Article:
Yujing Zhang, the Chinese citizen arrested at Mar-a-Lago in March while President Donald Trump was at his nearby golf club, was indicted Friday.
The short, two-page indictment gave no new information about how Zhang allegedly got into Trump's resort in Florida two weeks ago. She was charged with two counts — unlawful entry of restricted buildings and grounds and false statements to law enforcement.
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The FBI began investigating Zhang as a possible spy after her arrest. Federal authorities told a judge on Monday that she lied repeatedly to Secret Service agents while carrying computer malware unlike anything a government analyst had ever seen. When they searched her hotel room, they found she had more than $8,000 in cash, along with an electronic device that detects hidden cameras.
When Zhang entered the club in Palm Beach, Florida, on March 30, she was stopped by Secret Service agents at a security checkpoint, according to court documents. She showed two Chinese passports with her name and photograph to the agents, who then took her to Mar-a-Lago security to see if she was a member of the club.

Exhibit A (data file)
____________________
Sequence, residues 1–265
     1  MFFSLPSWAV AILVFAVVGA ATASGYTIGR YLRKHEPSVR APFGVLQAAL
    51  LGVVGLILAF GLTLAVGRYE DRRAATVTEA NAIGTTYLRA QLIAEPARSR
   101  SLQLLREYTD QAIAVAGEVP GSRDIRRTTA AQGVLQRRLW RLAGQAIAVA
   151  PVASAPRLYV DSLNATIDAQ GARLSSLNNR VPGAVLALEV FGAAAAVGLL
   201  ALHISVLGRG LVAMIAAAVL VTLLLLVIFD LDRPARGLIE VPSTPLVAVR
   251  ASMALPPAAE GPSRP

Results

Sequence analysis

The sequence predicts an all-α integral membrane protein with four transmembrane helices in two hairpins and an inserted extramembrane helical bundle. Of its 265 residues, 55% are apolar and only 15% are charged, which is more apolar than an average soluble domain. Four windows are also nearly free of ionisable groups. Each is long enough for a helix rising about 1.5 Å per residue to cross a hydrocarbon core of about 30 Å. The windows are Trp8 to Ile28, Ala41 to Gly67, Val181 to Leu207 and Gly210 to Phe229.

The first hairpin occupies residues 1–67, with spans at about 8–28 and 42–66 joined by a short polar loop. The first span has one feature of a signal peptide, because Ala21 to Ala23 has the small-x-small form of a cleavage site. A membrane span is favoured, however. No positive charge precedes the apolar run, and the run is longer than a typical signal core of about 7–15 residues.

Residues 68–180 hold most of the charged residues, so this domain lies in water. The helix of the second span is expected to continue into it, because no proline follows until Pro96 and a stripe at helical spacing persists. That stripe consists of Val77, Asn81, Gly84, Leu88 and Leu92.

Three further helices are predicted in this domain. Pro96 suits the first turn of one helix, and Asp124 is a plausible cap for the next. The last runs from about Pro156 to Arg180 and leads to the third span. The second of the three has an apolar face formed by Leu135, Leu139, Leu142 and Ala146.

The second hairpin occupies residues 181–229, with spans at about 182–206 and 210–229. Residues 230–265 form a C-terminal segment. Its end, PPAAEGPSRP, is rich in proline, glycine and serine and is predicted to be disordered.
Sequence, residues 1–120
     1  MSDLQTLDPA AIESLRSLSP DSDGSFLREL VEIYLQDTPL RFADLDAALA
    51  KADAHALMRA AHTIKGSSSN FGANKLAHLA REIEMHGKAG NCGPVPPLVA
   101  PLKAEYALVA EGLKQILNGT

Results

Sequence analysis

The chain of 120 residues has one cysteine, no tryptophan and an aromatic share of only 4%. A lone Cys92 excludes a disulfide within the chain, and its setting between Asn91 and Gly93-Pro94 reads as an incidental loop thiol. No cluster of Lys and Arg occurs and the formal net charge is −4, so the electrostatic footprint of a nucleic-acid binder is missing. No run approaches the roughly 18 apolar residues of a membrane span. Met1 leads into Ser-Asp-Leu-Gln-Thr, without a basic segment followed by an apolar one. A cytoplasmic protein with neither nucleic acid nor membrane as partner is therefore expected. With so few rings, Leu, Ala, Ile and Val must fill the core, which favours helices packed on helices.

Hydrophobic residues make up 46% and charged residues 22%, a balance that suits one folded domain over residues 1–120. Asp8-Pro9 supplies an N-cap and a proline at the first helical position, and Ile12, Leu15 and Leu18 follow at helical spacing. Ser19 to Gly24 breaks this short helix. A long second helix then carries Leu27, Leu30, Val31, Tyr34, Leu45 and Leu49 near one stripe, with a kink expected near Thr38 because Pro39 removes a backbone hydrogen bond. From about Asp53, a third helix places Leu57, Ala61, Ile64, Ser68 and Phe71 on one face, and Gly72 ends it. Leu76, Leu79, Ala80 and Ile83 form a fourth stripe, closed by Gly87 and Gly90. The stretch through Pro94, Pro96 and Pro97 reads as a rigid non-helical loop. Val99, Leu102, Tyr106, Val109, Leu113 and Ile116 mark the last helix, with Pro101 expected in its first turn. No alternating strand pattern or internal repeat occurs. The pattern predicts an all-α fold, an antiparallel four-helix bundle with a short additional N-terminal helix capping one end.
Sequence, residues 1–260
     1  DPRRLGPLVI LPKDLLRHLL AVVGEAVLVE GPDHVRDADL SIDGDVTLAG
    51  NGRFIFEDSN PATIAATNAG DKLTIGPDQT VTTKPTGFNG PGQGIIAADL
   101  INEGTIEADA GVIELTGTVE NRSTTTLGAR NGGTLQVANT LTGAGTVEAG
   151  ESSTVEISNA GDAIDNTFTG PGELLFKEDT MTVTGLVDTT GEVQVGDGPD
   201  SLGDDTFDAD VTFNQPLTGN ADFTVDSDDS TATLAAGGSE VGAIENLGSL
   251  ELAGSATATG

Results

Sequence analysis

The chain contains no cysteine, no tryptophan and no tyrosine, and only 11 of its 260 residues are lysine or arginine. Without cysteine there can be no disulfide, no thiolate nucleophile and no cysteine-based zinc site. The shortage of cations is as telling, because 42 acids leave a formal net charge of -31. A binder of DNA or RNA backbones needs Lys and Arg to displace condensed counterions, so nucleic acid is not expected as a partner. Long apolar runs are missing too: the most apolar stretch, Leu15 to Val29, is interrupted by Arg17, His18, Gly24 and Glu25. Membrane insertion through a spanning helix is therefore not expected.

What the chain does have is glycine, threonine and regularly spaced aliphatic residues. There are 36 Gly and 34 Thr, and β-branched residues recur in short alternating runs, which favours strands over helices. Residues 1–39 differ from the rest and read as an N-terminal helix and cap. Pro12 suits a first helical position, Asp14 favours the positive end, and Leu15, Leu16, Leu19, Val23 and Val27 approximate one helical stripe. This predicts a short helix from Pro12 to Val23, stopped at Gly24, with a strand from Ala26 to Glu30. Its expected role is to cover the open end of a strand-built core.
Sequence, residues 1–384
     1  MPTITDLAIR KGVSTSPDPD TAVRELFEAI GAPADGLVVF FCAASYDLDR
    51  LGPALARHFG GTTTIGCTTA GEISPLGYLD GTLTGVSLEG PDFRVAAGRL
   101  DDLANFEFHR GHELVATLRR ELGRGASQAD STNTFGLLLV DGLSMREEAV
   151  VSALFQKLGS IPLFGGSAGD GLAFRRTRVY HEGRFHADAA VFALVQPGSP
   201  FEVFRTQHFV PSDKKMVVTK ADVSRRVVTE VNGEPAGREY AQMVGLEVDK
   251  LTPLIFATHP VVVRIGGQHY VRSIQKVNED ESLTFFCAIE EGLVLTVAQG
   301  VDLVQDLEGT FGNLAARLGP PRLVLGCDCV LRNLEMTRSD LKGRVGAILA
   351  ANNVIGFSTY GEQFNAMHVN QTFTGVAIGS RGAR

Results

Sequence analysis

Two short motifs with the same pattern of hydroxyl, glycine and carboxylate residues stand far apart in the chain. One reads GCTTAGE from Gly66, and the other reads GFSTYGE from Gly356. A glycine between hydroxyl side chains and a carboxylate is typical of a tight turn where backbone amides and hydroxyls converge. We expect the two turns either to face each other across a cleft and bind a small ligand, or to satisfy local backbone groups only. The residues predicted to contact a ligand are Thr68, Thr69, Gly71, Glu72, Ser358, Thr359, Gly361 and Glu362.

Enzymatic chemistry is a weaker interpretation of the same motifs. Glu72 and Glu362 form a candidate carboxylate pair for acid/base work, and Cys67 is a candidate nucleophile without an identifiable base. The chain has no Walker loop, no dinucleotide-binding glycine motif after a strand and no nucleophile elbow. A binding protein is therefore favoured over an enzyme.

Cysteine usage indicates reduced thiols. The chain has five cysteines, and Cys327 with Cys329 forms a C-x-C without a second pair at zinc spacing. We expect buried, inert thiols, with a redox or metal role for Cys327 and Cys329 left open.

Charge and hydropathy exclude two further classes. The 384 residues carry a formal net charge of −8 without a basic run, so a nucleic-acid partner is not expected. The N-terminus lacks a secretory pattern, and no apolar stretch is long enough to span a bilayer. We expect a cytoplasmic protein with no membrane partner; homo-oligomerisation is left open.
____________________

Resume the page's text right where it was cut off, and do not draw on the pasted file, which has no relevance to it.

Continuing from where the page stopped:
Mar-a-Lago allowed Zhang to enter, according to the documents, because part of her name matched that of a member of the club. Zhang gave a nondefinitive answer when asked if that member was her father, according to the court documents, and was admitted by the club "due to a potential language barrier issue." She was taken by shuttle to a second checkpoint.
Zhang had said she intended to go swimming at the club, and at the second checkpoint, when she appeared unsure of where to go, according to the arrest affidavit, she told a club receptionist she was at Mar-a-Lago for a United Nations Chinese American Association event later that evening — a nonexistent event. The receptionist alerted a Secret Service agent, who detained Zhang for questioning.
In the arrest affidavit, the agent said Zhang spoke very good English and during questioning "became verbally aggressive with agents."
She was found carrying four cellphones, a laptop, a hard drive and a thumb drive, but no swimsuit. After a preliminary forensic investigation, the thumb drive was found to contain "malicious malware," according to the affidavit.
Zhang's arrest has raised questions about Mar-a-Lago's security during the president's visits. There's no evidence Zhang ever approached the president, who was at his nearby golf course when she arrived.
Tom Winter is a New York-based correspondent covering crime, courts, terrorism and financial fraud on the East Coast for the NBC News Investigative Unit.
Adiel Kaplan is a reporter with the NBC News Investigative Unit.